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Wellness or Medicine?
by Dr. Arnie Gotfryd

"As doctors especially, especially when paying attention to ow greatly bodily health is dependent upon spiritual health... The healthier the soul is, the greater is its control over the body and its ability to correct the body's failings." -  The Rebbe, Mind Over Matter, p. 311.
    
 


Suddenly I realized I was stuck.
 
All the course work was behind me - the botany, zoology, statistics. My thesis topic was approved, I had read all the relevant background literature, my hypothesis was stated, methods chosen, data collected over four years, results analyzed, and conclusions made. In the emerging discipline of Applied Ecology, this doctoral thesis had all the ingredients of a significant contribution.
 
There was only one problem. It wasn't written. All the information was ready to go, but the words just wouldn't come. Not even the first words. I'd write a sentence, scratch it out, try again, nix that. I'd go for a walk, get a coffee, try a different workspace, do some other stuff, and try again the next day. And the next and the next. Weeks turned to months and then to seasons, but no progress. At all.
 
I visited the campus services office and described my plight. The counselor there put a name to it: Writers Block. There. That felt better, but what to do about it? Surely hundreds of people had gone through the same at the University of Toronto over the years. Is there a coach? A self-help book? No, came the reply. You have to go see a psychiatrist.
 
"A psychiatrist! For writers block?" I was incredulous, but at this point I was ready to try anything. "Do you have any suggestions?"
 
"Try the yellow pages."
 
Over the next little while I spoke to three psychiatrists who all turned me down at the first meeting. The reason: I wasn't mentally ill.
 
"But what difference does that make? You are supposed to understand how the mind works. I want you to help me figure out why my thesis is not moving so I can overcome whatever mental block I've got and help me get my life back to normal."
 
"I'm sorry sir. We don't deal with normalcy. We deal with pathology."
 
That was an eye-opener. We only deal with sickness, not health. Hmm.
 
Eventually I did overcome my mental block and the thesis did get written. The solution was actually to become a baal teshuvah but that's a story for another time. The point here is this: What's the right approach to health? Is it remediating illness or achieving wellness? And is there a difference?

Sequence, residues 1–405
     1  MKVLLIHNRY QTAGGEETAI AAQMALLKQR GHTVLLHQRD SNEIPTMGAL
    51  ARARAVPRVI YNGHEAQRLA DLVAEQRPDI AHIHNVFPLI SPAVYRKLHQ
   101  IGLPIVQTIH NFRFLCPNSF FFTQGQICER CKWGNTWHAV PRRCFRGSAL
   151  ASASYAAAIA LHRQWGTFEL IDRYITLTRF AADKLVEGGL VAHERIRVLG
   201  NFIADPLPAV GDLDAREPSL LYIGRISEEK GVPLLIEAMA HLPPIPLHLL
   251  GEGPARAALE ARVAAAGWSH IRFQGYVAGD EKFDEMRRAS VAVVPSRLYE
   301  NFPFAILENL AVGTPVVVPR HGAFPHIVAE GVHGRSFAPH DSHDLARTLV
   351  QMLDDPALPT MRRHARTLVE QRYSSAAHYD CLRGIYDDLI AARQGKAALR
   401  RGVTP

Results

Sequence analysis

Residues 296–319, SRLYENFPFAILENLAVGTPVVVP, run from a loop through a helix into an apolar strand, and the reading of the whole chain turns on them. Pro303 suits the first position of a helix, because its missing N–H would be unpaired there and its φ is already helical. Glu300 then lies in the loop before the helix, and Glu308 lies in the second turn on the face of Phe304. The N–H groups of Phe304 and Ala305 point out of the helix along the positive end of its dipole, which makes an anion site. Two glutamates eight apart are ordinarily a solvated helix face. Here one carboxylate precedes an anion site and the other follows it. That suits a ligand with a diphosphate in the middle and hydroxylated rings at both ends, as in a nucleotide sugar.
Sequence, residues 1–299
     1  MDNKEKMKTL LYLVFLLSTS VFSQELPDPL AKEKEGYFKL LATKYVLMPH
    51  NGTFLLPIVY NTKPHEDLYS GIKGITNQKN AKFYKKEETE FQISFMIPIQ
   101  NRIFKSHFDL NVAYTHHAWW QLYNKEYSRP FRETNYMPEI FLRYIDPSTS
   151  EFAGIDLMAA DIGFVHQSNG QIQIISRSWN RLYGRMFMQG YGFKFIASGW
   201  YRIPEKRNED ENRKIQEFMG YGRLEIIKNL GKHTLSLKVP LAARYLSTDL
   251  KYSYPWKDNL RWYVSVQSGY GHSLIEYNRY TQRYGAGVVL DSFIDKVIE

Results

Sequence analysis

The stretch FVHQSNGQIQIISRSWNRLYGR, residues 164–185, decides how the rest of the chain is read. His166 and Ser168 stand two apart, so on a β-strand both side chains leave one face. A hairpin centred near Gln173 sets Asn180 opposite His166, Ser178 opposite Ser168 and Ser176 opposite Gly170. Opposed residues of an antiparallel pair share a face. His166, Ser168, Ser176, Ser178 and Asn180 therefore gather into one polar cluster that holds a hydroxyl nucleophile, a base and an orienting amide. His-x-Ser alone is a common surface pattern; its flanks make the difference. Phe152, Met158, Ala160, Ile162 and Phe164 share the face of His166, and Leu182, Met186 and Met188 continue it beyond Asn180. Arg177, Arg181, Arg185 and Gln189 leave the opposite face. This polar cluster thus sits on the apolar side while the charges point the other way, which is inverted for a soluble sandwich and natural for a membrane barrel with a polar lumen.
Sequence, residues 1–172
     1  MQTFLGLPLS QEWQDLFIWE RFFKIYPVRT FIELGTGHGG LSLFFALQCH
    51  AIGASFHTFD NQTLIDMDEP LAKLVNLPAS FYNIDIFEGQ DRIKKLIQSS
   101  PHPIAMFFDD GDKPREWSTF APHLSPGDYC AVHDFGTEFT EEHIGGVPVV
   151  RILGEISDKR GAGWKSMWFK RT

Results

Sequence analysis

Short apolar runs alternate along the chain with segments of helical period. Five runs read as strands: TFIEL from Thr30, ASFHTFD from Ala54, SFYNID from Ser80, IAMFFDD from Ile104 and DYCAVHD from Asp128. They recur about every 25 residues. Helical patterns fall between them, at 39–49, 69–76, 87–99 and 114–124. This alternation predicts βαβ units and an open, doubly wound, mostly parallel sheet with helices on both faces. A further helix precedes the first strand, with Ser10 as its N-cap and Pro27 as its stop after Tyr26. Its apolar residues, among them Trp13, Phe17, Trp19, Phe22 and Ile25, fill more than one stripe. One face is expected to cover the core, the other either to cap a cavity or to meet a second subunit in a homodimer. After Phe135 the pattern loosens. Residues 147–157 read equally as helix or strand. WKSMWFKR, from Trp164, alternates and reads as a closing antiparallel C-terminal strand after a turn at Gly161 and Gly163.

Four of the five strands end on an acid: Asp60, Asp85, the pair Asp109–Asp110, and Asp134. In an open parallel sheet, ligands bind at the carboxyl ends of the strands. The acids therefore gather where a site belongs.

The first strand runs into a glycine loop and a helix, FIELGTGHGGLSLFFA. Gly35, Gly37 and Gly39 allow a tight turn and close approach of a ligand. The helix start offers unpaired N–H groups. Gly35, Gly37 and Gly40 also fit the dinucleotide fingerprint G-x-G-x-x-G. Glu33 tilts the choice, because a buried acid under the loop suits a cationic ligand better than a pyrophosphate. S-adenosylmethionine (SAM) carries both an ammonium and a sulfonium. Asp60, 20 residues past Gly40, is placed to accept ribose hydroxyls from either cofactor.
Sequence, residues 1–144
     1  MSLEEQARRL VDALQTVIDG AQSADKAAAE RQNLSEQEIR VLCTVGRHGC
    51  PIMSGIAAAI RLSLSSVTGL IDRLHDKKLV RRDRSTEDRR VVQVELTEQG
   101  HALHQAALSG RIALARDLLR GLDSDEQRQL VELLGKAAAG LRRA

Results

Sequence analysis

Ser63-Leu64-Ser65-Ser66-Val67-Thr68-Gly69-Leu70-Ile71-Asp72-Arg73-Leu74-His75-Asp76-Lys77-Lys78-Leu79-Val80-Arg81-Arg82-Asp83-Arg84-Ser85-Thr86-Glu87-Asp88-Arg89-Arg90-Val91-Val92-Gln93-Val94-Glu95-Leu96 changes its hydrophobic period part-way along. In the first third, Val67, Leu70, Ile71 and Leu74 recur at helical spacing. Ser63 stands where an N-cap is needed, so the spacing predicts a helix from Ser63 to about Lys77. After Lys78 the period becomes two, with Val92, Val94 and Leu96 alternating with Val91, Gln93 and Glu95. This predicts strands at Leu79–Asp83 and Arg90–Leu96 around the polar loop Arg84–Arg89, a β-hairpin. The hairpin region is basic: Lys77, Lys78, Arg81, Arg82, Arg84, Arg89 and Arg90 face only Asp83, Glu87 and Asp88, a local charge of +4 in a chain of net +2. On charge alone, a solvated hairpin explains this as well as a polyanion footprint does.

The materialistic medical sciences, so it seems to me, implicitly defines health as the absence of illness. But for most of us that's just the beginning of what we want. We want energy, fitness, alertness, a sharp mind, a great night's sleep. We don't just want to avoid falling apart, what we really want is joy and that's a qualitative value, not a quantitative one.
 
The past half-century has seen an immense paradigm shift from curing sickness to creating and sustaining wellness. We are more focused on prevention and health enhancement than ever before. We are turning away from pills and procedures and embracing healthy eating, exercise, nutrients and supplements, anti-oxidants, anti-ageing, stress reduction, meditation, yoga, in short anything that boosts our quality of life, not just our number of diseaseless days on the planet.
 
A perfect example is biofeedback. Thousands of scientific and medical studies have demonstrated conclusively that people have the ability to literally will themselves into better health. Through trial and error, patients mysteriously yet effectively learn to manage a variety of biological processes such as brain activity, pulse, blood pressure and skin temperature by "trying" mentally to control computerized displays that mirror their physical condition. And it works!
 
In this way tens of thousands have already learned to effectively treat conditions such as bronchial asthma, drug addiction, anxiety, tension and migraine headaches, cardiac arrhythmias, hypertension, incontinence, irritable bowel syndrome, ADD and ADHD, epilepsy, menopausal hot flashes, chronic pain syndromes, and anticipatory nausea associated with chemotherapy.
 
The risks are negligible, the gains very significant. Medication requirements diminish and often vanish. The patient takes control of his own care, and the body is trained to heal itself.
 
Biofeedback is but one small component of the emerging trend toward mind-based medicine in general. And mind-based medicine is but one component of a much broader trend in science as a whole, and that is the replacement of the old materialistic view of man and nature with a more holistic integrative perspective that celebrates consciousness as a cornerstone of reality.
 
The Lubavitcher Rebbe explains, for example in Likutei Sichos Vol 15, that the ultimate goal of science is to prepare the world for the times of Moshiach. The wellness, sustainability, consciousness and unity that we will attain in that era is already being foreshadowed now, thanks in part to developments in science, technology and medicine. (The other part is Chassidus.)
 
We only have to open up our eyes, especially our mind's eye, to see that real progress is being made in this direction. And just as with biofeedback, if you think good it will be good, really, practically and tangibly, for us and for the world at large.

Moshiach NOW!

Dr. Aryeh (Arnie) Gotfryd, PhD is a chassid, environmental scientist, author and educator living near Toronto, Canada. To read more or to book him for a talk, visit his website at www.arniegotfryd.com.

 

 


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